Ever hear a sound during a movie that seems incredibly familiar but you just can’t place it? It may have been sly, yet still so distinctive that it stuck in the back of your brain? It was probably the Wilhelm Scream.
Dating back to 1951, the sound was first recorded and used in the Warner Brothers movie “Distant Drums” starring Gary Cooper. As a stock effect, it was reused fairly often and gradually garnered an underground following by sound editors either paying homage to earlier films or just as an in-joke. But then the sound was rediscovered, named, and repopularized by legendary film sound designer Ben Burtt (who now works at Pixar) in the late ’70s. The Wilhelm Scream has since become a veritable sonic cliché, featured in (by some claims) over 200 movies, dozens of TV shows, and has even made its way into a handful of video games!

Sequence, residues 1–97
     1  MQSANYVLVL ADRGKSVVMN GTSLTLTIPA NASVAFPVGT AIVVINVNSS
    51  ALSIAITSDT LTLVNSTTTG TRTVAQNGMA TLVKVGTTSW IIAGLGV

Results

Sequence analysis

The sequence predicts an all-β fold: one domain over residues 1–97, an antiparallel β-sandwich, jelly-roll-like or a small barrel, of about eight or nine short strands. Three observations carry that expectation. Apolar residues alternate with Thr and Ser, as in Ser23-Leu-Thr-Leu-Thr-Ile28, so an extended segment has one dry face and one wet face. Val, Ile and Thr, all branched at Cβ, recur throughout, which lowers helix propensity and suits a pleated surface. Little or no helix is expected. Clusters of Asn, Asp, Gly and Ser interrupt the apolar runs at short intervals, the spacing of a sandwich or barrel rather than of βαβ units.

And now that you’re really aware of this revered cinematic sound effect, your ears will perk up at it much more often. It practically leaps out of the speakers at me now, even when it’s used very subtly: